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Saskatchewan Prepares to Defend its Farm Programs as US Trade Action Moves Forward

by 5m Editor
28 April 2004, at 12:00am

CANADA - Farm-Scape: Episode 1503. Farm-Scape is a Wonderworks Canada production and is distributed courtesy of Manitoba Pork Council and Sask Pork.

Manitoba Pork Council


Farm-Scape is sponsored by
Manitoba Pork Council and Sask Pork

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Farm-Scape is a Wonderworks Canada production and is distributed courtesy of Manitoba Pork Council
and Sask Pork.

Farm-Scape, Episode 1503

Saskatchewan Agriculture, Food and Rural Revitalization expects to have a clearer indication, this week, of the direction a US investigation of Canadian live hog imports will go.

The US Department of Commerce and the International Trade Commission are investigating allegations that subsidized Canadian live hogs dumped into the US are hurting American producers.

The Saskatchewan Short-Term Hog Loan and Saskatchewan Livestock and Horticulture Facilities Incentives programs are among those under investigation.

Senior Policy Analyst Doug Winsor says federal and provincial governments are focusing primarily on the countervail investigation and expect to receive a list of questions from the Commerce Department this week.

"We are waiting for a questionnaire, which identifies some Canadian programs that they want to investigate. As people are well aware, most of the programs related specifically to hog operations have been wound down over the last 20 years or so.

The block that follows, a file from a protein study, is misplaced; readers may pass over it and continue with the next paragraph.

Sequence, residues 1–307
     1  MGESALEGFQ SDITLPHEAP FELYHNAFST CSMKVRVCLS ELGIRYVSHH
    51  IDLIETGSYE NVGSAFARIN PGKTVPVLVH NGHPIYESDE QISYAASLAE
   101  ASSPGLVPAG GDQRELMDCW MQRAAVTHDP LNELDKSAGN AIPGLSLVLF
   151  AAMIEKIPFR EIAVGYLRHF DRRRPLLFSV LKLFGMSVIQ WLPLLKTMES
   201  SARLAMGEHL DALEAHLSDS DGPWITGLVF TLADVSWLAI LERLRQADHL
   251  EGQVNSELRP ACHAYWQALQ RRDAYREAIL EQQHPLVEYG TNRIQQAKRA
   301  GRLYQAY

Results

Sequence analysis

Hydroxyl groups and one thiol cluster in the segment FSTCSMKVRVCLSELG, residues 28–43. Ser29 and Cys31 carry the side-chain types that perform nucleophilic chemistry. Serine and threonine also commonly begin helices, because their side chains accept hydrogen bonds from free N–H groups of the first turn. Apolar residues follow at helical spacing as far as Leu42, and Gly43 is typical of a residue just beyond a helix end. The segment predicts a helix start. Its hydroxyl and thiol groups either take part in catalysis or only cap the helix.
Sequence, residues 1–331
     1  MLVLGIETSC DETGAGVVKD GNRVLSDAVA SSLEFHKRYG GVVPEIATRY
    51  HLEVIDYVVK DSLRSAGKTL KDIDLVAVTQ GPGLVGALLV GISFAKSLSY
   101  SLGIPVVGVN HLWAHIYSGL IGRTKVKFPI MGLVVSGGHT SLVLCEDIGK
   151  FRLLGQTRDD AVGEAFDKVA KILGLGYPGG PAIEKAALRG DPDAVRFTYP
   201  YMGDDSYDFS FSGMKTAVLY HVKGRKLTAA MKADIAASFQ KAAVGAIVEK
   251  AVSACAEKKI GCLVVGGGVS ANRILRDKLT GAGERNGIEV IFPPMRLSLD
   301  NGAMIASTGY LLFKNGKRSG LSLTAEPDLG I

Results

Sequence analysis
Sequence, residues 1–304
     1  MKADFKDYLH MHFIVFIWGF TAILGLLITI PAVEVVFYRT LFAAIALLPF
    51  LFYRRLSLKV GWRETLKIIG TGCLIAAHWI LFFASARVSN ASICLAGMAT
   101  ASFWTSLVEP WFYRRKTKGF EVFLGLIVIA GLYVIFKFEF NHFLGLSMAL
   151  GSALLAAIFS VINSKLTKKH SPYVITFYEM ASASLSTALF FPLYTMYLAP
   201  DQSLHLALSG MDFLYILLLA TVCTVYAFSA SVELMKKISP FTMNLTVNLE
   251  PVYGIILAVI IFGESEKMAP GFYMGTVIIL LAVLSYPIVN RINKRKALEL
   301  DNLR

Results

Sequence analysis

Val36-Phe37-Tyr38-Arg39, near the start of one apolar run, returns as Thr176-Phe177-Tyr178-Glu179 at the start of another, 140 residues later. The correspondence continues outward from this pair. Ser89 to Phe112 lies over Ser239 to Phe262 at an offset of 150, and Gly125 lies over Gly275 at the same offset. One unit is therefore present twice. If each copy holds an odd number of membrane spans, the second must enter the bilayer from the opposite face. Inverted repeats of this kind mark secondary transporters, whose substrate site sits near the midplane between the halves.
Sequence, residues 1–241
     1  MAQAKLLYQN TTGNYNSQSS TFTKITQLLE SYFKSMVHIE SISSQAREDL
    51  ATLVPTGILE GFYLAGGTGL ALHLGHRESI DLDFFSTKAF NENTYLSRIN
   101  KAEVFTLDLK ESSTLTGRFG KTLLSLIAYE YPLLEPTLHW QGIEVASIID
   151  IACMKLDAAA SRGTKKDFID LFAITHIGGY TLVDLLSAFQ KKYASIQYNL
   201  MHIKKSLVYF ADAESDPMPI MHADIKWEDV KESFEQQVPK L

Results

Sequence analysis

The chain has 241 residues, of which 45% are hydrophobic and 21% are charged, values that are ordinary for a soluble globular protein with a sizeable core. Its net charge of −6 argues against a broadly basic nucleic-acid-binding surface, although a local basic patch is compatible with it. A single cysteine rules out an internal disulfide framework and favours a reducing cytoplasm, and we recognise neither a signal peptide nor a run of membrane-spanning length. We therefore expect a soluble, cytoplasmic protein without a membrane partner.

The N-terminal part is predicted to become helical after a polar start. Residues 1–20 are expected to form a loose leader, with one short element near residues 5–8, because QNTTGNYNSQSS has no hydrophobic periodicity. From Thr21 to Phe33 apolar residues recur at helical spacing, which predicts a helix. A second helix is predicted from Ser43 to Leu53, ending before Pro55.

We no longer have price support programs. We no longer a lot of the tax incentive programs we used to have.

In general the Canadian industry is quite confident that, at the end of the day, the impact of these programs will be measured to be very small but we have to go through the exercise to defend what we do in Canada and answer those challenges.

Those questionnaires generally are completed by governments. The federal government and each of the provincial governments that have programs identified will be preparing responses specific to the provincial programs".

Winsor says it'll be argued that interest rates for the short term hog loans are similar to commercial rates and have a minimal impact on markets and that livestock and horticulture facilities incentives are in reality tax exemptions paid out as rebates and are not subsidies.

For Farmscape.Ca, I'm Bruce Cochrane.

5m Editor